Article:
For the past several weeks, we’ve been buying and installing new Power Mac G3s at work. You know, the Blue and White ones.
I really didn’t think much of them. Sure, they look great and have a lot of power for the money, but I was content with my 200 MHz 604e. When that CPU was replaced with a 250 MHz G3, it was not a significant improvement. A few things were somewhat faster, but it really wasn’t anything to get excited about.
Then I got a 300 MHz Blue and White G3 on my desk, replacing a Power Mac 7600 with a 250 MHz Newer Tech G3 card.
Why the 300 MHz G3?
I work as an information systems manager and book designer. That is, when I’m not working on computers, I’m doing book interiors or helping out with the company website (served on an iMac!).
As a designer and IT manager, I knew that our fastest computers were older Macs with 300 MHz G3 cards – and that nobody was complaining about their performance. So rather then spend the long dollar for a 400 MHz G3, we put in for build-to-order 300 MHz systems.
All but one of ours came from Apple with DVD-ROM, Zip, and a SCSI card. We had our dealer boost RAM to 192 MB. These are being used in our design department, where we need to be able to connect existing Jaz drives, scanners, etc. with SCSI ports.
One is a bit different. Our backup computer has DVD-RAM and two SCSI cards, an Apple card for older narrow-SCSI drives and an ultrawide Adaptec card for our fast AIT drive. We use AIT for daily backup, DVD-RAM for archiving big projects.
For a few users, the stock 6 GB hard drive wasn’t enough, so we picked up some SCSI cables and dropped in 3-4 GB drives pulled from their older Power Macs (Beige G3s, 7600s, and 8500s).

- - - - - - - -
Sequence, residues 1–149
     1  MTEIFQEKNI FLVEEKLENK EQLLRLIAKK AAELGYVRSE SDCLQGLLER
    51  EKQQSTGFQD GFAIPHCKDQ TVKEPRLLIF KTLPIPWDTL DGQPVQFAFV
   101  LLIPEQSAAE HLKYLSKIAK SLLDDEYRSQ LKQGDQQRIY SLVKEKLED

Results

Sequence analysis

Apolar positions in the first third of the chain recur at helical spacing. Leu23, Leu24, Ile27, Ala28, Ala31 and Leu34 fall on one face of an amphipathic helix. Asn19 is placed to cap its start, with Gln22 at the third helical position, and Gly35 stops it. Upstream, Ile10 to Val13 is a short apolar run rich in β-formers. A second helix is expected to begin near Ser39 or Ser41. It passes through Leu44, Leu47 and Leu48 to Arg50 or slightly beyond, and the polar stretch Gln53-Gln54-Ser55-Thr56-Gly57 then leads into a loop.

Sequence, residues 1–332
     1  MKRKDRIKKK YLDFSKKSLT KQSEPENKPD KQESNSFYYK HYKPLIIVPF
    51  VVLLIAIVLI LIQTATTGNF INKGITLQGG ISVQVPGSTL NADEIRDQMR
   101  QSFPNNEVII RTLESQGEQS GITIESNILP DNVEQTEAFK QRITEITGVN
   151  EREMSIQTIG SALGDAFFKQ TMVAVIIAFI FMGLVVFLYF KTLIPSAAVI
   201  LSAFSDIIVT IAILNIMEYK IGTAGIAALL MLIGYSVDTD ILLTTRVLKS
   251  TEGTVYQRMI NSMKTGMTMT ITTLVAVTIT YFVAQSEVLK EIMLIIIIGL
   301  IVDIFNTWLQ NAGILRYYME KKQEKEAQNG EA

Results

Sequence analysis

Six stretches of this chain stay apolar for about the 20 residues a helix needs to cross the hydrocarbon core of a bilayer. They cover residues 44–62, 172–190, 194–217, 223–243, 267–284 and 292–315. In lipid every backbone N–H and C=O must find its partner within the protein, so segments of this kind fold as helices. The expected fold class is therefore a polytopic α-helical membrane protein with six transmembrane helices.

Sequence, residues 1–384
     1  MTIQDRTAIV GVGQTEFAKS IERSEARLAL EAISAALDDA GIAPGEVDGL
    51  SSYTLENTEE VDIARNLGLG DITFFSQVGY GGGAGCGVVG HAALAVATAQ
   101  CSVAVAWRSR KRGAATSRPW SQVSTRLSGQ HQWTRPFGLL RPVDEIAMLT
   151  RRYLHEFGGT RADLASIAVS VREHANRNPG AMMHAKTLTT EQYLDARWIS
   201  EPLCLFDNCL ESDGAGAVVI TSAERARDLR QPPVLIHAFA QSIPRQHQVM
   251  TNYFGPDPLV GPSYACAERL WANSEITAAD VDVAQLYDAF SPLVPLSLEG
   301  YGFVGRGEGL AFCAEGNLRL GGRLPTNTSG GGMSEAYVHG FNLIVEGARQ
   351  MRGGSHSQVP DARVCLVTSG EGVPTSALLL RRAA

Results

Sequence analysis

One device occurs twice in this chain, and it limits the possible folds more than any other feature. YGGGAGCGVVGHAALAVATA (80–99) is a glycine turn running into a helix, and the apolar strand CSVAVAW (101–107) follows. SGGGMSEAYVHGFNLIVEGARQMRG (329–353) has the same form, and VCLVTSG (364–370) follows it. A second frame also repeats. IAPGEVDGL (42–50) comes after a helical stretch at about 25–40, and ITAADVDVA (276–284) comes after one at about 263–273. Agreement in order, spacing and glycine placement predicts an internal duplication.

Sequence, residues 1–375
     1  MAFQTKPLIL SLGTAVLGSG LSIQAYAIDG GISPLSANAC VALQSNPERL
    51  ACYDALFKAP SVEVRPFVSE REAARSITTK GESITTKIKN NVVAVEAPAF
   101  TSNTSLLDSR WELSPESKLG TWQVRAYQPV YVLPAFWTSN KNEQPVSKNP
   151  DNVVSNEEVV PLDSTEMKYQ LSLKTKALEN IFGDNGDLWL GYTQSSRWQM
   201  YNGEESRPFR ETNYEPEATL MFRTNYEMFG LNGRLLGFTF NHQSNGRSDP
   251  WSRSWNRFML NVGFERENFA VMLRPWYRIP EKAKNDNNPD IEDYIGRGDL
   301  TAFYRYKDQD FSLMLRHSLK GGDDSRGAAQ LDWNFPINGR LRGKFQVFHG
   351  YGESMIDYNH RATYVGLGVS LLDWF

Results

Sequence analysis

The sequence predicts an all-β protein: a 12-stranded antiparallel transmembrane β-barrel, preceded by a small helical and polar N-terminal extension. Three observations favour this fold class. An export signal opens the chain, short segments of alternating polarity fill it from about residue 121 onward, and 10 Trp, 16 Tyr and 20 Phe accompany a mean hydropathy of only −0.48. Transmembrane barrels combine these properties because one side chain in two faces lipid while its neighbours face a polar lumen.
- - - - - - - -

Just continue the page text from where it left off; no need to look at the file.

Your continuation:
Mine is a BTO 300 MHz G3 with the stock 6 GB EIDE drive, 192 MB RAM, and the DVD-ROM and Zip drives plus the SCSI card installed by Apple.
I wasn’t expecting a lot of improvement. My 7600 had a pretty fast G3 card and an ixMicro Ultimate Rez video card.
But the minute I fired up Netscape Communicator on the new G3, I was floored.
I don’t know how much is due to the very responsive hard drive, the 100 MHz memory bus, ROM-in-RAM, or that amazing video card, but everything feels about twice as fast as my old 7600 with its 250 MHz G3 card.
I don’t even want to think about running benchmarks and bring myself down to earth. I’m enjoying the speed to much too do anything to shatter the illusion that this is one incredible computer.
Subjectively, I haven’t seen this big a difference between one computer and another since I bought a Centris 610 for home use – it simply blew the socks off the IIci at work, not to mention the accelerated Mac Plus that it replaced at home.
It’s the same feeling surfing the web, reading email, designing pages, etc.
I love this new computer.
And it’s astounding to think that Apple makes a 400 MHz G3 that benchmarks about 40% faster than the one I’m using – and that 450-500 MHz processors are right around the corner, soon to be followed by the even more incredible G4.
The only drawback to working with the 300 MHz is going home to my formerly adequate SuperMac J700/180. It really was fast enough before the Blue and White G3 landed on my desk, but now I’m lusting after a more colorful Mac.
- Blue and White Power Mac G3: Good Enough for Pros?, 1999.01.22